My journey with mental health became apparent during the most challenging chapters of my life. I was in seminary as a novice, beginning a decade-long journey to become a Roman Catholic priest. My entry was during the pandemic which totally affected the academic and apostolic process. We weren’t able to live and work as prior classes of novices did. We were cooped up in the same home (just as our chickens were). But regardless of the new challenging circumstances, I still wanted to enter seminary but I wasn’t prepared for what was about to come.
I missed my family, friends, and home, which was 340.2 miles away in San Jose. I loved meeting people and building relationships but quarantine kept us sheltered in place. I began to feel unfulfilled, irritable, and just plain miserable. My warning signs started to appear. During social hour over the course of weeks, I would steadily increase the amount of alcohol I was consuming, and during spiritual reading, I would sneak off and smoke cigarettes. These coping mechanism helped me feel better in the past during other challenging times, so I resorted to using them again. Though I wasn’t using these substances to the extreme, I got to the point when I knew something wasn’t right.
One evening I learned there was a possibility my mom had ovarian cancer. My world was turned upside down. No amount of prayer would make me feel better. I went to my spiritual director, mentioned feelings of depression and anxiety, and asked if I could see a therapist. Without skipping a beat, he replied, “Well, I don’t think you’re crazy. Are you praying enough?” Truthfully, I could always be praying more but that wasn’t the point. There’s a certain amount of praying we can do, but sometimes we’re called to take action to answer our own prayer(s). I needed to take a step back and re-evaluate my vocation. I informed my mom and she supported me wholeheartedly. I decided to pursue counseling psychology and incorporate spirituality into a mental health practice. I knew firsthand how costly it is to leave mental illness symptoms unaddressed.
The incredible thing is, my life-altering experience in seminary led me to NAMI-Santa Clara County, specifically through the doors of the FaithNet program. FaithNet did the type of work that my spiritual director and I needed—that so many others also need. I could help be that change. As my time with NAMI-SCC continued, my role expanded; I became the Social Media Coordinator and then Community and Media Relations Liaison. I began to get more involved in political, industrial, and community-based settings. I shared my story. I connected with high school youth. I worked with tech companies giving presentations to hundreds of employees. I helped build relationships based on one goal: better mental health for all.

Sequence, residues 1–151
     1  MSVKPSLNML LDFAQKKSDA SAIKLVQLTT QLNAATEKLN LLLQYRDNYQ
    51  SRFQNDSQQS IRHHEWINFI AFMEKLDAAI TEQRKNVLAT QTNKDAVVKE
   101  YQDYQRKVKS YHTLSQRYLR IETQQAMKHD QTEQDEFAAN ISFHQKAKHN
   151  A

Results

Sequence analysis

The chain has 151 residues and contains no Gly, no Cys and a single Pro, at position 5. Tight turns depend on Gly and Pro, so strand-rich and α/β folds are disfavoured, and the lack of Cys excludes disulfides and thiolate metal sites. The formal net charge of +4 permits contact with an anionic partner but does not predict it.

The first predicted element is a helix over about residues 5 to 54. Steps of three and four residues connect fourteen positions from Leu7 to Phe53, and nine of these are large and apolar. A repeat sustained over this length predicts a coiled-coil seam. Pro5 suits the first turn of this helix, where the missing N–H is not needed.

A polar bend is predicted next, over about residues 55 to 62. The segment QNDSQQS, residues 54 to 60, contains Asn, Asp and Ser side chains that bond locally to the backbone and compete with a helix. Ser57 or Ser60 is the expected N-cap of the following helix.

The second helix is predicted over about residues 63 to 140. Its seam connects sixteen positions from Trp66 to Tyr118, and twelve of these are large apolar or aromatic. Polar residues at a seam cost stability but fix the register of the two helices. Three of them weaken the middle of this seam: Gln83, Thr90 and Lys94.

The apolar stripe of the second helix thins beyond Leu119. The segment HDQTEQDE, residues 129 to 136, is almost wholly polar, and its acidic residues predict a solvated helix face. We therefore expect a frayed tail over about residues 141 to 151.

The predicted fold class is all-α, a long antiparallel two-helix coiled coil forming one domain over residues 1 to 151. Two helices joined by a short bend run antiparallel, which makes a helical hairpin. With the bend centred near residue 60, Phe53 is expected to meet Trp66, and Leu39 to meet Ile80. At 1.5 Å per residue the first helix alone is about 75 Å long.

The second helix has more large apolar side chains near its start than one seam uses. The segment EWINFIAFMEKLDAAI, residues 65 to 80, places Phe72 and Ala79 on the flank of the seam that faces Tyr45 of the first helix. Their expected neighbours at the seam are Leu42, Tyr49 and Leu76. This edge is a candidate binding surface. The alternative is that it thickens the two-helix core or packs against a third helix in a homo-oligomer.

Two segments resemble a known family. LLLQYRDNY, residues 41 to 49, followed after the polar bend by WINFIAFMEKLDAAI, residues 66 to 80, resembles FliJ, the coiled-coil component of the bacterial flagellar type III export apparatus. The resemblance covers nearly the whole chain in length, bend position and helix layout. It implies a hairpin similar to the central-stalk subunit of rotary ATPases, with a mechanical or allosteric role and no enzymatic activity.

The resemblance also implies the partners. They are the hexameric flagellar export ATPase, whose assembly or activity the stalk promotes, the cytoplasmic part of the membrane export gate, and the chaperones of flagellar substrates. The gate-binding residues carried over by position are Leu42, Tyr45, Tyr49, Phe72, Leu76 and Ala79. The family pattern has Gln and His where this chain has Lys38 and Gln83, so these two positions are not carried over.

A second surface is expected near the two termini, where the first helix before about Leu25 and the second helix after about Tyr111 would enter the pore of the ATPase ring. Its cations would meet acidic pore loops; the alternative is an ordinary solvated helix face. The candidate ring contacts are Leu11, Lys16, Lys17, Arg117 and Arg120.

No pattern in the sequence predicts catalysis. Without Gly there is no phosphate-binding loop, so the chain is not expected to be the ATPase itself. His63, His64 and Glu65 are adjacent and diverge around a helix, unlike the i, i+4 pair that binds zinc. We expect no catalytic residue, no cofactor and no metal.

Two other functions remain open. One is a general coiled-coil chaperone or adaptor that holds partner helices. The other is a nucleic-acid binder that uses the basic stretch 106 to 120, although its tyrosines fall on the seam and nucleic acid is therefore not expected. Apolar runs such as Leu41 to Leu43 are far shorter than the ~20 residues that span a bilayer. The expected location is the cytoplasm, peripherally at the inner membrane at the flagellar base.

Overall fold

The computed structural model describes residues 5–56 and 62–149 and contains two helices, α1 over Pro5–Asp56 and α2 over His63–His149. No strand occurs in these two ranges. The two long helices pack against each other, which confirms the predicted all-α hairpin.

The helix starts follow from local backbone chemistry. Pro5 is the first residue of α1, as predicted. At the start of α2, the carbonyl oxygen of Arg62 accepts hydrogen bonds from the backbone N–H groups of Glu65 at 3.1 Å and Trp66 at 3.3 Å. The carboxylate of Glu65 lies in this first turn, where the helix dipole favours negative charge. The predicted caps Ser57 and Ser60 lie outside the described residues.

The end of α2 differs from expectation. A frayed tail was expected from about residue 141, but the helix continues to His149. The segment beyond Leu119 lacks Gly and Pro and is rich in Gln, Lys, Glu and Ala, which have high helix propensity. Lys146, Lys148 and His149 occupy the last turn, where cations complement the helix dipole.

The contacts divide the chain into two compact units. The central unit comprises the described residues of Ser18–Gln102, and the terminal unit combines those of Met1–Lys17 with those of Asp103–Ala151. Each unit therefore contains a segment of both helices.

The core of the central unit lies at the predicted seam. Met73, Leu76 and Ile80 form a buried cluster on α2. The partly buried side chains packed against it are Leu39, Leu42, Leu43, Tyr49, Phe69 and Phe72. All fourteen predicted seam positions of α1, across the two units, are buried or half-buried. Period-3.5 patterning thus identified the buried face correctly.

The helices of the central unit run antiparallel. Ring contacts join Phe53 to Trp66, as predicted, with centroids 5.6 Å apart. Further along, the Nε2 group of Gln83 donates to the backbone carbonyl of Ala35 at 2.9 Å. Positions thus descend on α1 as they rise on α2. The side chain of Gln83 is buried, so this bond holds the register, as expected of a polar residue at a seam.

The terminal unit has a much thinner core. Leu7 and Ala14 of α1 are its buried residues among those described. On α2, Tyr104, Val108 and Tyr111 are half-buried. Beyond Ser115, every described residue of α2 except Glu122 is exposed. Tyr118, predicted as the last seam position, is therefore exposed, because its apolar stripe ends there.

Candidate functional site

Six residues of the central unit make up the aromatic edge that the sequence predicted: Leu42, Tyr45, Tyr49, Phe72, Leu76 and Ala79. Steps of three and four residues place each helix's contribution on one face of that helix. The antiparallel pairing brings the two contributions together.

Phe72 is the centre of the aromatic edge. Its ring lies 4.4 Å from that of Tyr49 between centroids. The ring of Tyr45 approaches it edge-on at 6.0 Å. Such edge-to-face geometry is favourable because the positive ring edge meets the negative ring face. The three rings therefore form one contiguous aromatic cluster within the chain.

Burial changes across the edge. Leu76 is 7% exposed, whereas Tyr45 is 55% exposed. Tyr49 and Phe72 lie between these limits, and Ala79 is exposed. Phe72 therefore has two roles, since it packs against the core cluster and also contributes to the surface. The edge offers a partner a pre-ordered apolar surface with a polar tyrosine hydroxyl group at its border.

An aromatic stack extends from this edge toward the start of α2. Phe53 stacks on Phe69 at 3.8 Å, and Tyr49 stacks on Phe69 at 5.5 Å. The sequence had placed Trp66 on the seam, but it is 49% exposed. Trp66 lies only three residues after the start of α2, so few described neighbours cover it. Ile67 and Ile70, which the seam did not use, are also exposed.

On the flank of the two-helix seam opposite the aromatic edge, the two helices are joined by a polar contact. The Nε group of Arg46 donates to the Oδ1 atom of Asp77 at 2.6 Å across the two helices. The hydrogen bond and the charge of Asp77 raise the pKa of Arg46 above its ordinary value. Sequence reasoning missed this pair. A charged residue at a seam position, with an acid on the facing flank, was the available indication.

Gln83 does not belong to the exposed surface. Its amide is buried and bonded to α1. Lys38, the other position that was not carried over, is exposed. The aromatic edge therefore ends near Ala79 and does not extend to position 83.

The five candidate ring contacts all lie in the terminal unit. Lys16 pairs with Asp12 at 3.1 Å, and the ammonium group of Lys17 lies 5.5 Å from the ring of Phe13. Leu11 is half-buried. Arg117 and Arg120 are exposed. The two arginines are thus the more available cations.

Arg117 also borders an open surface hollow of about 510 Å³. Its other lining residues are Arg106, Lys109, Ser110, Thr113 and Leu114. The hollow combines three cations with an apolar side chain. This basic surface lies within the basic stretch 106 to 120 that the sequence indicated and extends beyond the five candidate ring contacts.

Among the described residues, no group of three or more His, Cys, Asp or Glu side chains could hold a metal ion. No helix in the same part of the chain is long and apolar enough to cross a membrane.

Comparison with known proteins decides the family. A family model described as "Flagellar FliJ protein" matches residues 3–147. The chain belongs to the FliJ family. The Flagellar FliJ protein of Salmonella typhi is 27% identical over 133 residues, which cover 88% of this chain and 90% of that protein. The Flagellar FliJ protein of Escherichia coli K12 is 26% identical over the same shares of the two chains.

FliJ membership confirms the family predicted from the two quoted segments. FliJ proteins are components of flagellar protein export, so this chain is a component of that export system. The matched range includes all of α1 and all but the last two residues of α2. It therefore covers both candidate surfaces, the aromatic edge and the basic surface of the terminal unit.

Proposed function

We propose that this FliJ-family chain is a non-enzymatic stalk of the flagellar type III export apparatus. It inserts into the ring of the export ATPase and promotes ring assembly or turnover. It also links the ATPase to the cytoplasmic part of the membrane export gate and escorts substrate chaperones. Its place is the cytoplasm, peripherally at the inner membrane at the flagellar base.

Now, as I write this letter, I’m 839.7 miles away in Seattle from what I’ll always call home. The good news is I’m returning to this journey of priesthood with greater self-awareness, renewed passion, and a new community of friends, coworkers, and family all cheering me on. I’ve learned to advocate for others and by doing so, learned to advocate for myself. And that is one of the greatest gifts NAMI-SCC has given me. Thanks to the relationships I’ve built, I’ve grown and become who I am today. I’m only one person but with NAMI-SCC, I felt like a force of change—in my life and in the lives of others. And I’m sure I’m not the only one who feels that way. Every day a person gets the support they need, we get one step closer to that dream of better mental health for all.
You’ve helped NAMI-Santa Clara County serve 12,000 people (and counting)!
Your contributions have helped provide:
17 Family-to-Family 8-week courses
9 Peer-to-Peer 10-week courses
64 participants in our Community Peer Program
70 matches in our Community Peer Program
268 support group meetings
15 FaithNet presentations
In Our Own Voice presentations for 835 attendees
Ending the Silence presentations for 1679 high school students
…And SO much more!
With help from friends like you, NAMI-SCC has been dedicated to serving the community through education, support, and advocacy for 48 years. In 2023, NAMI- SCC served over 12,000 people through educational courses, community presentations, Helpline assistance, peer support, and support groups—all with zero fees.
Research shows that 1 in 5 people are currently living with a serious mental health condition and it is likely that you have a friend, family member, or colleague who is experiencing this. Show them you care by donating to NAMI-SCC.